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Martin Murphy
Updated On: Jan 26, 2009

 Martin Murphy

It caused great sadness when we learned long time DMAL/APWU GMF Tour 3 Steward Martin Murphy passed away last week. Martin was a 34 year Postal employee who had been planning his retirement. Those of us who knew Martin knew him to be knowledgeable about all aspects of union administration and contract administration. Martin served the DMAL/APWU as Vice-President from 1982 until 1992 and was the local’s first Legislative Director. The DMAL/APWU is much better today because of the efforts of Martin Murphy. He will be sorely missed. 
 
Services for Martin Murphy are going to be for family only as that was his wish. No flowers at his request and if you wish to donate, make donations to the Fisher House in Martin’s name. Sharon, Martin’s sister, will accept cards and they can be sent to:
 

Sharon Murphy

2512 S. Xavier St.

Denver, CO 80219 

Ghost of Christmas Past
by Martin Murphy, Executive Vice-President (1985)
 
            As I sit thinking about what to write for my Christmas article, a flood of memories begin to crowd my mind. Like a ghost from Christmas past guides my hand, I am compelled to reminisce on paper of my childhood days in a magic wonderland called Christmas.
 
            The Christmas season began in earnest for my family, usually on my sister’s birthday which is the 12th of December. That day the Christmas tree went up. Of course it was a real tree and had been standing outside for at least a day before then. To let the branches fall, my father had said. I could never figure that out since I knew it had been standing in the Christmas tree lot for several days before we adopted it.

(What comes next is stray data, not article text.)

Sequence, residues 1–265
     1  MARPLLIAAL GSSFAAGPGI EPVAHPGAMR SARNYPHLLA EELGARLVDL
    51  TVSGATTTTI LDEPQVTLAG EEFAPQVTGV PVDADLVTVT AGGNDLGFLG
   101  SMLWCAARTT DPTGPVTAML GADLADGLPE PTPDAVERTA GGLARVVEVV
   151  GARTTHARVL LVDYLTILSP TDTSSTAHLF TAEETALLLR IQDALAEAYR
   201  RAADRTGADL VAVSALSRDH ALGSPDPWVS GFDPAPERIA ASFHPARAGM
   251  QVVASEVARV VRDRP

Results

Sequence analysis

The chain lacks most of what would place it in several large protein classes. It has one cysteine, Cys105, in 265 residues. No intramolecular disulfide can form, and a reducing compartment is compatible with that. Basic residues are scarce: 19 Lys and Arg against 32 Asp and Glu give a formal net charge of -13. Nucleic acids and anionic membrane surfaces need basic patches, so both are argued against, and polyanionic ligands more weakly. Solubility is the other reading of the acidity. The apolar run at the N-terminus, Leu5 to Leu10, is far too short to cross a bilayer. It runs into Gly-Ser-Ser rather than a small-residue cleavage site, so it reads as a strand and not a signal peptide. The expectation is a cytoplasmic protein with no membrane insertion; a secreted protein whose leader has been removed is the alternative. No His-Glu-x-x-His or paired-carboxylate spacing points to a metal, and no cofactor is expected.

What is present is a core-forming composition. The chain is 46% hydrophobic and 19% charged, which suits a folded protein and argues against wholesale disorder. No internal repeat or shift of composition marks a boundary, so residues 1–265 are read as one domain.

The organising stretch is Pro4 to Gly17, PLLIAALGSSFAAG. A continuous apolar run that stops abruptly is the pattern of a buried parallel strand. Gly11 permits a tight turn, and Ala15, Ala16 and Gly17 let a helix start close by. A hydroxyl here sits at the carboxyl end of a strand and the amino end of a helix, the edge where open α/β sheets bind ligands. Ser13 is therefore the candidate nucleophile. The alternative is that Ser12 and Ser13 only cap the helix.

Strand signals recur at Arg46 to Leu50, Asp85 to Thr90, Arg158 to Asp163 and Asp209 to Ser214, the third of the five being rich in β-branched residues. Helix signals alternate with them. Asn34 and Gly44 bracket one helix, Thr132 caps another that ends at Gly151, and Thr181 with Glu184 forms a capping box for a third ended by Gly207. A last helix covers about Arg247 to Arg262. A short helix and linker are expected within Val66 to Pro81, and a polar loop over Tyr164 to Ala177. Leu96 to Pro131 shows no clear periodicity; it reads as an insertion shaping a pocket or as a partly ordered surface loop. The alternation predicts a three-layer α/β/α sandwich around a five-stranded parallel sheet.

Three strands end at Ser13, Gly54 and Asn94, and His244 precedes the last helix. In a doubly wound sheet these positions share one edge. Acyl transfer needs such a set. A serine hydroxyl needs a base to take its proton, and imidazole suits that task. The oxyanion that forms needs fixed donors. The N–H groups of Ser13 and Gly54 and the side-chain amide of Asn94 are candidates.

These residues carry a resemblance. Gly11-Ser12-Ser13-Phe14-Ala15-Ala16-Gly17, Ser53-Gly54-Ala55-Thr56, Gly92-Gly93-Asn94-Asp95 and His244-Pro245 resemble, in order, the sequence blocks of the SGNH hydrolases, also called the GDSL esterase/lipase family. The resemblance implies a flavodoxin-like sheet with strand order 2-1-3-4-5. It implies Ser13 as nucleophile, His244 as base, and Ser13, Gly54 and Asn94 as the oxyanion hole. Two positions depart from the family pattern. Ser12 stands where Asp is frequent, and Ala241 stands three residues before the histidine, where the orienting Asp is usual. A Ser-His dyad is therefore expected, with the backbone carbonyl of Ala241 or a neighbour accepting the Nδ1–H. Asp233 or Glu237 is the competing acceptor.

It was terribly hard waiting a whole day to dress that naked tree, but when the time came, it was a family affair. First went the lights. Big, multi-colored bulbs we had checked out before hand. One string looked like candles with colored water that bubbled after they got warm. My parents let my 2 brothers, sister and I do all the decorating.
 
            After the lights went the ornaments. Large, shiny, gaudy looking things. No 2 alike, collected over the years and each with a memory. Next came the tinsel. Icicles we called them. Strips of aluminum foil that were impossible for us to place on one at a time on the burdened branches no matter how hard or how many times my mother reminded us of the necessity of patience. When we were done I’m sure, thinking about it now, it would have placed high in an ugly tree contest had others judged it, but it was a thing of great beauty to me. 
 
            My parents always tried their best for as long as possible to give us the belief of Santa Claus. It was always a struggle to keep my older brothers from breaking the sad news to me and my younger sister, but I’m thankful to my parents for that special effort. They realized, I think, the magic that ruled a child’s mind, spiced by anticipation and the wonder of all things good which that season can mean. Plus there was the added fact that ya had to be good ‘cause Santa would know if ya wasn’t and your Christmas plunder would depend on it.